This fact is confirmed by Paul’s follow-up letter to the Thessalonians. Paul declared:
1 Now we request you, brethren, with regard to the coming of our Lord Jesus Christ and our gathering together to Him, 2 that you not be quickly shaken from your composure or be disturbed either by a spirit or a message or a letter as if from us, to the effect that the day of the Lord has come. 3 Let no one in any way deceive you, for it will not come unless the apostasy comes first, and the man of lawlessness is revealed, the son of destruction, 4 who opposes and exalts himself above every so-called god or object of worship, so that he takes his seat in the temple of God, displaying himself as being God. 5 Do you not remember that while I was still with you, I was telling you these things (2 Thessalonians 2.1-5)?
Apparently, some first-century mid- or post-tribulationalist had sent the Thessalonians a forged Pauline letter stating the Tribulation, the Day of the Lord, had come. Paul corrected this error and reminded the Thessalonians that he had already taught them the Rapture would occur before the Day of the Lord.1 This one passage should settle all mid- or post-tribulational teaching in the Church today. But if that is not enough, Paul made this point not only to the Thessalonians but to the Romans, the Ephesians, and to the Colossians (Romans 5.9; Ephesians 5.6; Colossians 3.6). No place exists for such a view for those who believe the Bible. It was deception in Paul’s day as it is today. It contradicts Paul’s explicit teaching.
Tragically, the vast majority in Christendom refuse to acknowledge the great truth of the Pre-Tribulation Rapture. They have chosen not to believe God and to disobey Paul’s command to comfort one another with this truth. Donald Grey Barnhouse wrote a parody of the hymn Is it the Crowning Day? to drive home this point to those who reject God’s Word about this great truth. The traditional words to the hymn are:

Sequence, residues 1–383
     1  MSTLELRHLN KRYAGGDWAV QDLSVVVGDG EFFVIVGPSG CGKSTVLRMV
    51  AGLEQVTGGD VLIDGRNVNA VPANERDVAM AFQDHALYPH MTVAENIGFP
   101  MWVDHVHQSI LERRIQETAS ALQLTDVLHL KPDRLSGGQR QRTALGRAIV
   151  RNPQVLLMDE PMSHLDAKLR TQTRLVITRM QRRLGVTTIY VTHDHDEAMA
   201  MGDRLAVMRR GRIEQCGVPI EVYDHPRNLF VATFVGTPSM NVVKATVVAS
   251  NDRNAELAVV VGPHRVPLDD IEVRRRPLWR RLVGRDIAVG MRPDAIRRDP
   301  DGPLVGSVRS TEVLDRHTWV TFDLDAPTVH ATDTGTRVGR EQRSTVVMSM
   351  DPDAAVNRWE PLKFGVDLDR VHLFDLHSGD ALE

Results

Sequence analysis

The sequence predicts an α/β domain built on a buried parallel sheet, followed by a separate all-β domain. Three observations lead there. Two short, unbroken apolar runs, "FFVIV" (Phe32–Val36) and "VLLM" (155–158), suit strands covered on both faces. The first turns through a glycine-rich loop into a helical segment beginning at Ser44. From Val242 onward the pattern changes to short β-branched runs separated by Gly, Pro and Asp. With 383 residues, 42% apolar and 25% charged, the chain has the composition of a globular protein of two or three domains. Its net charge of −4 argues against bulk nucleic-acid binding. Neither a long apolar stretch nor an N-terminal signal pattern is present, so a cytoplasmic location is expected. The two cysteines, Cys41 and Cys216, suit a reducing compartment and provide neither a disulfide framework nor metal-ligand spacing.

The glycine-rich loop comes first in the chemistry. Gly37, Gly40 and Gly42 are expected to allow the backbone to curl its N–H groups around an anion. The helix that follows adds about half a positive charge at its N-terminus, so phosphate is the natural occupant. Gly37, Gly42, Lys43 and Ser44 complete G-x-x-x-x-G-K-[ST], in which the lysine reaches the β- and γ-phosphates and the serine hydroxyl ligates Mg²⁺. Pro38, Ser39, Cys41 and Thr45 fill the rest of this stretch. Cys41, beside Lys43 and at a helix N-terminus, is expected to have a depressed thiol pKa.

Jesus may come today, Glad day! Glad day!
And I would see my friend; Dangers and troubles would end
If Jesus should come today.
Glad day! Glad day! Is it the crowning day?
I’ll live for today, nor anxious be,
Jesus, my Lord, I soon shall see;
Glad day! Glad day! Is it the crowning day?
Barnhouse’s version of the hymn for those who reject the Rapture was:
Jesus can’t come today, Sad day! Sad day!
And I won’t see my friend; Dangers and troubles won’t end,
Because Jesus can’t come today.
Sad day! Sad day! Today is not the crowning day?
I won’t live for today, and anxious I’ll be,
The Beast and the False Prophet I soon shall see,
Sad day! Sad day! Today is not the crowning day?
We may smile at Barnhouse’s taunt but make no mistake; God is not pleased with unbelief. Unbelief is the GREAT sin (Hebrews 11.6).
The Advents of Christ Summarized
|First Advent (Rejection and Suffering)|
|Second Advent (Mercy and Judgment)|
|Phase 1: Revealed only by Paul||Phase 2: Revealed in Old Testament|
|The Lord returns for His Body, the Church to save it from the wrath to come (1 Thessalonians 1.10, 4.13-18, 5.9; 1 Corinthians 15.51-52).||God pours out wrath on a Christ rejecting world and returns as King to save a repentant Israel (Matthew 24.21-22, 29-31; Revelation 19; Psalm 2.4-5, 12).|